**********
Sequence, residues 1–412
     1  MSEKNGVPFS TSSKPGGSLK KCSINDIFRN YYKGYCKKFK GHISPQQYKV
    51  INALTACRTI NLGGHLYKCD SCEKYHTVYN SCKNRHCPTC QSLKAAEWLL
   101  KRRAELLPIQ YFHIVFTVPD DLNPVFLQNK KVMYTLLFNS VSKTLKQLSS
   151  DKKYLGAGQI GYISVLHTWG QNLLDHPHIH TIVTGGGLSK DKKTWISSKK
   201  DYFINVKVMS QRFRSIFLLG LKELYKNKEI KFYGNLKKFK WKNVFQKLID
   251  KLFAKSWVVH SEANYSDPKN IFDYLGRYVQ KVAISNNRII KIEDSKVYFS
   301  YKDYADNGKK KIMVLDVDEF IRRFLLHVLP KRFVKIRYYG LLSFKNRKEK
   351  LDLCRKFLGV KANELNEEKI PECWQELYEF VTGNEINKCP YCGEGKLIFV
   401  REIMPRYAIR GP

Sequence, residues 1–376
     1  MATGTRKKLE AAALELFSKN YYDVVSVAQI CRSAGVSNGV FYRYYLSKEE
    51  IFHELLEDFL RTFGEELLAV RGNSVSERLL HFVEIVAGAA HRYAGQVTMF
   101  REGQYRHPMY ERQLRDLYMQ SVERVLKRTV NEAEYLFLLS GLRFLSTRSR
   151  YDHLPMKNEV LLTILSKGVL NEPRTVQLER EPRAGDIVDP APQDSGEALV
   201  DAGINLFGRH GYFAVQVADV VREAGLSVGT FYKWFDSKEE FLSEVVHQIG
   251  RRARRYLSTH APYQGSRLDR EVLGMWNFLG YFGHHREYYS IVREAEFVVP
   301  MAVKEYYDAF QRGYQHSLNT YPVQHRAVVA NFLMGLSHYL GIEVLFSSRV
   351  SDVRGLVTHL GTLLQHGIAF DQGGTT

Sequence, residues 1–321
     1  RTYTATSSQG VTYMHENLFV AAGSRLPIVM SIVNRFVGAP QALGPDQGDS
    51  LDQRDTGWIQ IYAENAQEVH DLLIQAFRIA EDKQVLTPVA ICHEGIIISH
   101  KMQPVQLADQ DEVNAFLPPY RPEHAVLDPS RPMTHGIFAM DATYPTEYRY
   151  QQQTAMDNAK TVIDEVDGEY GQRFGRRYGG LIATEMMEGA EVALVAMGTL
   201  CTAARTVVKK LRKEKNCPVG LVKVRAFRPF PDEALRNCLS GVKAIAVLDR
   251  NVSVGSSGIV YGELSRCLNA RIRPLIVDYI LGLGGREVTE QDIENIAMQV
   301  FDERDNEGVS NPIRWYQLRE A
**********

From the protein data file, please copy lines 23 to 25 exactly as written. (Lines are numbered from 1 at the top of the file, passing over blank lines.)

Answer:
   101  KMQPVQLADQ DEVNAFLPPY RPEHAVLDPS RPMTHGIFAM DATYPTEYRY
   151  QQQTAMDNAK TVIDEVDGEY GQRFGRRYGG LIATEMMEGA EVALVAMGTL
   201  CTAARTVVKK LRKEKNCPVG LVKVRAFRPF PDEALRNCLS GVKAIAVLDR